Alphabet Soup and other Helps!

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List of Abbreviations

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NI=Northern Ireland
SI=Scotch or Scots (whichever you prefer)/Irish
PCA/PCUSA=Presbyterian Church in/of America
ARP=Associate Reformed Presbyterian
EPC =Evangelical Presbyterian Church
OPR=Old Parochial/Parish Records (of Scotland)
FOC= Free of Charge
BTW=By The Way
ASAP=as soon as possible
IMHO= In My Humble Opinion
CUL8R= see you later
PERSI=the Periodical Source Index (comprehensive index of
genealogical material from mostly No. Amer. periodicals, but some
European ones, as well)
SSDI= the Social Security Death Index
DSP= stands for "Decessit sine prole": died without issue
ED= stands for "Eodem die": the same day
GRO=is the General Register Office in Edinburgh
NRH= is the New Register House in Edinburgh
SRO= is the Scottish Registry Office in Edinburgh



ILL - Inter Library Loan
Anyone interested in knowing about Inter-Library Loan may want to read the Ryan Taylor column about the subject in a recent issue of The Global Gazette, Canada's Genealogy & Heritage On-line Magazine

Mr Taylor is especially well suited for the topic as he has worked as a reference librarian in two countries and is an internationally known genealogical author and lecturer.

Read the article in question at http://globalgenealogy.com/gazrt8.htm


PERSI
PERSI is an index to many many articles. You search it and then order the article, for about $US2 each from Allen Public Library, Indiana PERSI is available on line at Ancestry for subscribers only....
http://www.ancestry.com $6.95 a month


It is also on Microfiche at all FHCs.

PERSI can also be searched (free of charge) at www.acpl.lib.in.us/database/index/welcome_persi.html Complete with ordering instructions if you find an article you want to order.


Units of Length
1 foot = 12 inches
1 yard = 3 feet
1 rod, pole, perch = 5.5 yds = 16.5 ft
1 chain = 4 rods = 22 yds = 66 ft (1 chain = 100 links, 1 link = 0.66 ft = 7.92 in)
1 furlong = 10 chains = 40 rods = 220 yds = 660 ft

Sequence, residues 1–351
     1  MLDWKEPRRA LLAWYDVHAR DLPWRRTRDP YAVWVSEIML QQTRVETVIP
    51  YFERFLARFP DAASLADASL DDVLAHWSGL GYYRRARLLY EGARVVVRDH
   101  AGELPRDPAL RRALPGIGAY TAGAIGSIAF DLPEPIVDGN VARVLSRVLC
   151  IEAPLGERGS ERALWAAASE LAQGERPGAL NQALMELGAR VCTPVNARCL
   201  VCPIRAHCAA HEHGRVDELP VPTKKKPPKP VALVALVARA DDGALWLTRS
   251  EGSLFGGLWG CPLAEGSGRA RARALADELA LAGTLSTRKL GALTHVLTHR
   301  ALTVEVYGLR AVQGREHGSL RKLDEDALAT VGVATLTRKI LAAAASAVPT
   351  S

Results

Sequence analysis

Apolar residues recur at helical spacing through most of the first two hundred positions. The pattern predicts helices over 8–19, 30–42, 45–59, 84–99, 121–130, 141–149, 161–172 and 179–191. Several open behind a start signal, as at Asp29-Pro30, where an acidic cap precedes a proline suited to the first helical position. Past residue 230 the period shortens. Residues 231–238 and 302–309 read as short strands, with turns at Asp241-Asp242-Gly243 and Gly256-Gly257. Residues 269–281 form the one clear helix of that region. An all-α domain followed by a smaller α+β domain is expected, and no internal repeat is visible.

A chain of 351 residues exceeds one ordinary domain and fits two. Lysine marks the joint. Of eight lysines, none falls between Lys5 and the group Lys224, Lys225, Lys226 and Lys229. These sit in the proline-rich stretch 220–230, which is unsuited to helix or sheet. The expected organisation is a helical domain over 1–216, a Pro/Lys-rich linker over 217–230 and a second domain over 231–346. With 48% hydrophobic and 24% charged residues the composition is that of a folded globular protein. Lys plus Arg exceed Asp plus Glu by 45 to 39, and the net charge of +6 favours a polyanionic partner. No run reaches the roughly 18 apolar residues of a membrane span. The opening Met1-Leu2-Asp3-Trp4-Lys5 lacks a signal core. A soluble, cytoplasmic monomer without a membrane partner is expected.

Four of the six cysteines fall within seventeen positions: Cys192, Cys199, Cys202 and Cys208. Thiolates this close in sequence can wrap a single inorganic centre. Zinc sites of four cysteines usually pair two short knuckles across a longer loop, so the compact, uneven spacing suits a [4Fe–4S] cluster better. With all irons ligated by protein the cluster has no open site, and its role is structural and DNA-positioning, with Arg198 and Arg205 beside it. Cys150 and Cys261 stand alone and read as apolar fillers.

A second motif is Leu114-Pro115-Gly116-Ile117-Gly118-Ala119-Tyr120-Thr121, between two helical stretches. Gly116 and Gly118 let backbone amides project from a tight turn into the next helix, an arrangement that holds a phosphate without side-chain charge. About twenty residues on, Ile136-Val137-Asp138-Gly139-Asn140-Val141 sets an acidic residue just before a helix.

1 mile = 8 furlongs = 80 chains = 320 rods = 1,760 yds = 5,280 ft

Units of Area
1 sq ft = 144 sq in
1 sq yd = 9 sq ft
1 sq rod = 30.25 sq yds = 272.25 sq ft
1 sq chain = 16 sq rods = 484 sq yds = 4,356 sq ft
1 rood = 40 sq rods = 1,210 sq yds = 10,890 sq ft
1 acre = 4 roods = 10 sq chains = 160 sq rods = 4840 sq yds = 43,560 sq ft


Checking the Averages

If your research in the pioneering period (before 1850) has "dead-
ended", it's time for creative thinking. You may find these trends
helpful in analyzing your problems.

1. There are approximately three generations per century.
2. Average age for men to marry was 24. They rarely married
before age 20.
3. The average age for women to marry was 20. They rarely
married before age 16.
4. First marriages were usually between couples near the same
age. Women generally outlived their husbands. But older
widowers frequently married much younger women, who had
never been married before.
5. Births generally occurred at two-year intervals. Frequently
the first child was born a year after marriage. As a woman aged,
the interval between births grew slightly. Child bearing generally
ended around 45.
6. Families and neighbors usually migrated together from their old
homes. Women rarely traveled alone.
7. Men usually married women from their neighborhood, but if a
seemingly "strange" woman turned up, check the man's former
home. Often men returned to their proper residence to find a wife.
8. If you can't find an old parent, chances are he/she "went West"
with a son.
9. If you have a male ancestor born around 1840, strongly consider
Civil War service.
10. Studies show that after 1850, Ohio pioneers frequently moved
to counties in other states on the same latitude as their home
county in Ohio.
11. If your ancestor has a virtue name (e.g. Patience, Silence...),
consider a New England heritage.
12. Children were often named for grandparents, both male and
female.
13. Frequently middle name or even a first name was the mother's
or grandmother's maiden name, especially if the name was repeated
through several related families.

(Taken from KERN-GEN, March 1994).





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